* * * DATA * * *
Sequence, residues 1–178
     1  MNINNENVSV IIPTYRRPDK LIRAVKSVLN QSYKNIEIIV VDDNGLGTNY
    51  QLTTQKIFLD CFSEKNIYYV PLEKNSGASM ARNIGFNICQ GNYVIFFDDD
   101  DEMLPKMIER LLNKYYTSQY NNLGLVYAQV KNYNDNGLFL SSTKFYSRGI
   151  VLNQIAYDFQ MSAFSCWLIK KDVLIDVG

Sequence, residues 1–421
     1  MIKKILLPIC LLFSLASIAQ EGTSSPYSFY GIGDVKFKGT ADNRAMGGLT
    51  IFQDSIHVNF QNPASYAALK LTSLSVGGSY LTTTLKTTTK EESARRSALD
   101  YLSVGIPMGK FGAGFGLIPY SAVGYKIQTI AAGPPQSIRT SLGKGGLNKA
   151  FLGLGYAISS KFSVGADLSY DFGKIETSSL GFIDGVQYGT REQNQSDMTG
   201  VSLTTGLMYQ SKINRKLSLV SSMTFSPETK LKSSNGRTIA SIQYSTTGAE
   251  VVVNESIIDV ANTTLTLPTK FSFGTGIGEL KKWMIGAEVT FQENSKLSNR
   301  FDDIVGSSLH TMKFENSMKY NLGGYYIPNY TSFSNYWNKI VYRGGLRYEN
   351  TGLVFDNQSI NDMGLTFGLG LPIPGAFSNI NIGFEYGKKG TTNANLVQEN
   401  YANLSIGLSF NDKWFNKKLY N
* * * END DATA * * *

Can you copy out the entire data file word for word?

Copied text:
Sequence, residues 1–178
     1  MNINNENVSV IIPTYRRPDK LIRAVKSVLN QSYKNIEIIV VDDNGLGTNY
    51  QLTTQKIFLD CFSEKNIYYV PLEKNSGASM ARNIGFNICQ GNYVIFFDDD
   101  DEMLPKMIER LLNKYYTSQY NNLGLVYAQV KNYNDNGLFL SSTKFYSRGI
   151  VLNQIAYDFQ MSAFSCWLIK KDVLIDVG

Sequence, residues 1–421
     1  MIKKILLPIC LLFSLASIAQ EGTSSPYSFY GIGDVKFKGT ADNRAMGGLT
    51  IFQDSIHVNF QNPASYAALK LTSLSVGGSY LTTTLKTTTK EESARRSALD
   101  YLSVGIPMGK FGAGFGLIPY SAVGYKIQTI AAGPPQSIRT SLGKGGLNKA
   151  FLGLGYAISS KFSVGADLSY DFGKIETSSL GFIDGVQYGT REQNQSDMTG
   201  VSLTTGLMYQ SKINRKLSLV SSMTFSPETK LKSSNGRTIA SIQYSTTGAE
   251  VVVNESIIDV ANTTLTLPTK FSFGTGIGEL KKWMIGAEVT FQENSKLSNR
   301  FDDIVGSSLH TMKFENSMKY NLGGYYIPNY TSFSNYWNKI VYRGGLRYEN
   351  TGLVFDNQSI NDMGLTFGLG LPIPGAFSNI NIGFEYGKKG TTNANLVQEN
   401  YANLSIGLSF NDKWFNKKLY N